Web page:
Senator Daniel Patrick Moynihan's memorable phrase "Defining Deviancy Down" tartly and honestly captured the irony of the determined, but futile effort to avoid dealing with a breakdown in America's social and legal norms surrounding crime and family life. Faced with behavior that it was unwilling to confront, or perhaps lacking the means to do so, America, he wrote, had simply tried to define the problem away.
As with most such efforts at denial, whether on a personal or societal level, the risk is that the problems will simply accumulate and multiply, rather than actually disappear. And they did.
Were Moynihan alive today and writing about immigration, he would be quite perplexed. He would, I think, easily recognize the concerted effort to sanitize the concepts that describe illegal migration: "undocumented", "irregular" immigrants, "out of status", or simply not to use any term at all.
What I think might genuinely surprise him is the attempt not only to sanitize the terms used to characterize those who break American immigration laws, but the effort to turn clearly illegal behavior into officially tolerated, and even encouraged behavior.
Those two responses are of course related to each other, but they are not exactly the same. If you tolerate something, you send a signal that it is acceptable, and in the case of illegal migration it is a signal of encouragement.
For example, in California, Governor Brown recently signed legislation that allowed illegal aliens to get driver's licenses.
This is a blanket exception to the previous legal expectation that one needed to be a legal resident of the state in order to be given a driver's license. The new law signals that breaking American immigration law is no barrier to official recognition of legal standing as a state resident.
Obviously, people do not become illegal migrants to get American driver's licenses, but the fact that they can be legally obtained in eleven states, is one small way in which tolerance for breaking American immigration laws is encouraged and rewarded.
An even larger example of illegal migration tolerance moving towards encouragement came about at almost the same time, when Governor Brown signed the "Trust Act".
According to the Los Angeles Times, "Under the so-called Trust Act, immigrants in this country illegally would have to be charged with or convicted of a serious offense to be eligible for a 48-hour hold and transfer to U.S. immigration authorities for possible deportation."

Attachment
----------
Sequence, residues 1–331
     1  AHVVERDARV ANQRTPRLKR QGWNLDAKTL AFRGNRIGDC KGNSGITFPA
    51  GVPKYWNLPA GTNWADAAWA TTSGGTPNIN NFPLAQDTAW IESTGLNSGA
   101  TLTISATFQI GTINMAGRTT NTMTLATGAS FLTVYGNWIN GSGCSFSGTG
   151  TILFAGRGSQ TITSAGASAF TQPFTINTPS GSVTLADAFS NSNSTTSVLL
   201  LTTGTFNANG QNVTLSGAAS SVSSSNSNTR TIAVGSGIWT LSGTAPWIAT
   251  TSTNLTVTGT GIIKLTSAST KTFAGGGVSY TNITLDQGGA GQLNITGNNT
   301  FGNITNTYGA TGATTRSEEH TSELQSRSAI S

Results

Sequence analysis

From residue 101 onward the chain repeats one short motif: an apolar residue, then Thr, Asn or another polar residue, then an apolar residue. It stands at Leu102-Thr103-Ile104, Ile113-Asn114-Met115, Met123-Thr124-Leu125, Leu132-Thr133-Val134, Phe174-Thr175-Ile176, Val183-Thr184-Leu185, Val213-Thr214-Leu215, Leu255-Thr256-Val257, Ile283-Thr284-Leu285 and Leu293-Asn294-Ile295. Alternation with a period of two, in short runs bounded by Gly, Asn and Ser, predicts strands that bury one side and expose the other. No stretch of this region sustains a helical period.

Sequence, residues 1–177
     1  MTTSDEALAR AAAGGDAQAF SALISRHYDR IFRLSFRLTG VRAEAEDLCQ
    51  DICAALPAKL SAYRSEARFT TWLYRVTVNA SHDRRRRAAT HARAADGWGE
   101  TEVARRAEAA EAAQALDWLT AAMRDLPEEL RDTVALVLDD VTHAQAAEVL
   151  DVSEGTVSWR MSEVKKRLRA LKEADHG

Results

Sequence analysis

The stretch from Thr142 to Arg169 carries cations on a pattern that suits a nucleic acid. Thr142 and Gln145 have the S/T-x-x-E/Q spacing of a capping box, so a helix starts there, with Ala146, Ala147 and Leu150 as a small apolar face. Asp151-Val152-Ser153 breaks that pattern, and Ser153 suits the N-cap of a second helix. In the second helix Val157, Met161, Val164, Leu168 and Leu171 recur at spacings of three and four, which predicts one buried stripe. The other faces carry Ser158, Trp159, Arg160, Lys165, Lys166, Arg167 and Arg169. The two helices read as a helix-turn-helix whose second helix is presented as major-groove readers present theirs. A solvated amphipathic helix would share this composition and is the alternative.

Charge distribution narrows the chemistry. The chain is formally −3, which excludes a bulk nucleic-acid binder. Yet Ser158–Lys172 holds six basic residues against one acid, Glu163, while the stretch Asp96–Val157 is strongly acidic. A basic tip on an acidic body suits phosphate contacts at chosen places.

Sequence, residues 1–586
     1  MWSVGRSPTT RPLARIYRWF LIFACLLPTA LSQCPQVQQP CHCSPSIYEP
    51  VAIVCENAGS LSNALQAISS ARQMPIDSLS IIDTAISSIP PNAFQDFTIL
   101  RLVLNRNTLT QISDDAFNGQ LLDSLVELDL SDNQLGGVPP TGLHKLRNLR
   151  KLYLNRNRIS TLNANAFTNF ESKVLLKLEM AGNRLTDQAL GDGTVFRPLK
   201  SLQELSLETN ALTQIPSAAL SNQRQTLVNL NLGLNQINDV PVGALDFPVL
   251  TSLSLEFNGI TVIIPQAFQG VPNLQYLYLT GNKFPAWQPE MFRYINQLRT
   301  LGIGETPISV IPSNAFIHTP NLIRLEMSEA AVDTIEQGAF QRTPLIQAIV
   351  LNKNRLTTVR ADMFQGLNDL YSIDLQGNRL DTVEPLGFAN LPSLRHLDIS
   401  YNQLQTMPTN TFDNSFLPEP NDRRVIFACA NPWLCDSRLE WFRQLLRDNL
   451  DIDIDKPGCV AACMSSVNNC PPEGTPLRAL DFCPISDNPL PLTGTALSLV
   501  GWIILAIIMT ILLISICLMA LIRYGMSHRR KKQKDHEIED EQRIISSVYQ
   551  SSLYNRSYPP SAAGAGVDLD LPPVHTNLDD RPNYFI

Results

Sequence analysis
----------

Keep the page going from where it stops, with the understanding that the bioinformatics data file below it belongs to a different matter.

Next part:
When the paper refers to "serious crimes" the phrase in this case is accurate. The specific offenses listed in the bill refer to those covered in Penal Code 1192.7 (c). These crimes are not only "serious," but in many cases horrific.
The "Trust Act" then is serious about the most brutal and heinous felonies that illegal aliens commit, but of course there are "serious" crimes that do not include murder or sexual assault. It is not at all clear why the list of serious nonviolent felonies or charges and convictions of multiple misdemeanors should not be taken seriously as deportable offenses by legal authorities.
Senator Moynihan would recognize these efforts for what they are; attempts to avoid having to think seriously about just what level of crime is acceptable by people who have already come into the country illegally, who may well be eligible in the future of some kind of amnestied legalized status, and therefore will be invited to join the American national community. He would also recognize it as an effort to define away the problem of illegal immigrant crime and deportation by setting the bar as to what constitutes a crime so high, that the vast majority of illegal aliens, even those who commit other serious crimes, will get the equivalent of an immigration status pardon and amnesty.
What would I think surprise and perplex him is the view that gaining amnestied legalization in spite of having entered the country illegally, and in spite of having committed crimes short of murder and rape, is a civil right.